This 296-square-mile (767-km2) park of luxuriant forest includes much of the Aberdare (renamed Nyandarua) Range of mountains. The park can be divided by altitude into two sections. A high plateau of undulating moorlands with tussock grasses and giant heather lies between Ol Doinyo Lasatima (13,120 ft./3,999 m) and Kinangop (12,816 ft./3,906 m).
This region affords excellent views of Mt. Kenya and the Rift Valley. Black rhino, lion, hyena, buffalo, elephant, eland, reedbuck, suni, bushpig and, very rarely, the nocturnal bongo can be seen. On the eastern slopes below lie the forested hills and valley s of the Salient, home to black rhino, leopard, elephant, buffalo, waterbuck, bushbuck, giant forest hog, and black -and-white colobus monkey.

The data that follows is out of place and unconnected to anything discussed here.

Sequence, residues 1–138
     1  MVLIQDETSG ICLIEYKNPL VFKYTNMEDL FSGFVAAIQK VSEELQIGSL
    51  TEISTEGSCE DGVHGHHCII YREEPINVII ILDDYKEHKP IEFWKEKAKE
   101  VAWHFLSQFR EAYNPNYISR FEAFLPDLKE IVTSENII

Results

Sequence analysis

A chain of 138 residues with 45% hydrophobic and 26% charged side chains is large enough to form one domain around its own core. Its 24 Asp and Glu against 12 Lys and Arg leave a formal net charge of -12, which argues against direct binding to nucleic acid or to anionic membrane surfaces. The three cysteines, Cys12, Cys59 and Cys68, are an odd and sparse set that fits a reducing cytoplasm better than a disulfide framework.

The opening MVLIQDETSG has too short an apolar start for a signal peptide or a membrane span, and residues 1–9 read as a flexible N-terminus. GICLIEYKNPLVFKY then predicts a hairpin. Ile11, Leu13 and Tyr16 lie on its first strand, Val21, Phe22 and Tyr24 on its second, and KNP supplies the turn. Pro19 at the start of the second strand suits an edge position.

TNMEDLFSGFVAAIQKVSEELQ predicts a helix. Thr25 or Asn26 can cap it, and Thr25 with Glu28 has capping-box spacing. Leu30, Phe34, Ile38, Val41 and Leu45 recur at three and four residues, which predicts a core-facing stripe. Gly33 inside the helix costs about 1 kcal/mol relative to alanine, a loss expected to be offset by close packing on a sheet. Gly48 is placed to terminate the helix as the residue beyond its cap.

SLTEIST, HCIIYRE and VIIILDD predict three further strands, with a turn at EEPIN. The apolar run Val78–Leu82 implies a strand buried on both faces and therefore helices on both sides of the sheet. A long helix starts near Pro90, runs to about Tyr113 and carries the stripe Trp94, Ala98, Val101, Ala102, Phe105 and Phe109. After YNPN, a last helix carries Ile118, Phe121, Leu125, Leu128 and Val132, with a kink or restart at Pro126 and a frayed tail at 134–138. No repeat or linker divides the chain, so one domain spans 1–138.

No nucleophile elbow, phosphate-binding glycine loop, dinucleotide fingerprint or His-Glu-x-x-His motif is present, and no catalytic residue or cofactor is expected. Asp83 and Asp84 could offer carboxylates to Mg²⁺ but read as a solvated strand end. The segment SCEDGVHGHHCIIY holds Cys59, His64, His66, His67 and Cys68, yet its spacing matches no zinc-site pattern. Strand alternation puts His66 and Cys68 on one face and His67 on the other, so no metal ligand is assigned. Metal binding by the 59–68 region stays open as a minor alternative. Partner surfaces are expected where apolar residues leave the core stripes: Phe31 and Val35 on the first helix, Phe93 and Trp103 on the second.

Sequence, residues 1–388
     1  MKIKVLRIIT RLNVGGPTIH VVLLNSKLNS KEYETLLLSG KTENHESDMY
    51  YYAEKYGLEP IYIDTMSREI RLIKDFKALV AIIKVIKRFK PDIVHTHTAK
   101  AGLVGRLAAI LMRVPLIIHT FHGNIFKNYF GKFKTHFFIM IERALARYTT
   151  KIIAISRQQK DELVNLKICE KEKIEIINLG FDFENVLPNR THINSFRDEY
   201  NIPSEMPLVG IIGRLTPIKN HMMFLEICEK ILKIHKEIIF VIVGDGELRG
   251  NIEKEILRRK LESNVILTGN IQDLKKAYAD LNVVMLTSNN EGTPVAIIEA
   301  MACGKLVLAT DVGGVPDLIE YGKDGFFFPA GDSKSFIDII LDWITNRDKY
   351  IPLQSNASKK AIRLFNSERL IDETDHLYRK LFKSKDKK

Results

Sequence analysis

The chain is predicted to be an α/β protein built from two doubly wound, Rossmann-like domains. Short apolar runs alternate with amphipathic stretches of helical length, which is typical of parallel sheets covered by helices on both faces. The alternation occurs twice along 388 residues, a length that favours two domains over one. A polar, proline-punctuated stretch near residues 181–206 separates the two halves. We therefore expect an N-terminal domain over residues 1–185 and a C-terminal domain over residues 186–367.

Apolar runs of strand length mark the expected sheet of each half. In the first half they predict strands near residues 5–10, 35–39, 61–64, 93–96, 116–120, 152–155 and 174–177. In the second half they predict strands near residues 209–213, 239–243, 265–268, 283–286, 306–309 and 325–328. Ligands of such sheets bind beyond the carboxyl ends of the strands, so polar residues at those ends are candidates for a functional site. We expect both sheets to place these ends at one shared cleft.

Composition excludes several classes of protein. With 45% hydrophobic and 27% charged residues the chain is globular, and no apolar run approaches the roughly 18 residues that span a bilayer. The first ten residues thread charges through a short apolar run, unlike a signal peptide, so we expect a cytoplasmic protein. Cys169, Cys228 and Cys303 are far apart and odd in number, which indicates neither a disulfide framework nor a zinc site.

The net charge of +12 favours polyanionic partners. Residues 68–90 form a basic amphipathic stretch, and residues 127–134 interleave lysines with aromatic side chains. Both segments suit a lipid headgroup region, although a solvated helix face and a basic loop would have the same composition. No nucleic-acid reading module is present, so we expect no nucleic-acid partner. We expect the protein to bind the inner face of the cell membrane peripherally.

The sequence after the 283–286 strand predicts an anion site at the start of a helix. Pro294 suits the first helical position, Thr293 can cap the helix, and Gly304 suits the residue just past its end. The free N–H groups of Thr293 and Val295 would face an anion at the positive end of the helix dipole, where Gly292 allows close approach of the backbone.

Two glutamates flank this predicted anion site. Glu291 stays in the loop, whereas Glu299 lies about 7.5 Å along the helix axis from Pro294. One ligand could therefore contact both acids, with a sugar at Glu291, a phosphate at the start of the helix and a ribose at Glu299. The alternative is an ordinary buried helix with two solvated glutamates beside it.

The park is also rich in bird life, including many species not easily seen elsewhere. The moorlands and montane forest are home to Jackson’s and Moorland francolins, Aberdare cisticola and Cape eagle owl, as well as various eagles and buzzards. Several species of dazzling sunbirds, the ecological equivalents of the American hummingbirds, occur on the mountains and are frequently seen in the gardens of the various camps and lodges.
Kenya’s highest mountain and the second highest on the continent, Mt. Kenya lies just below the equator, yet it has several permanent glaciers. Mt. Kenya’s two highest peaks, Batian (17,058 ft./5,199 m) and Nelion (17,023 ft./5,188 m), are accessible by about 25 routes and should be attempted only by experienced rock climbers. Point Lenana (16,355 ft./4,985 m) is a non-technical climb that is accessible to hikers in good condition and is best climbed in the dry seasons.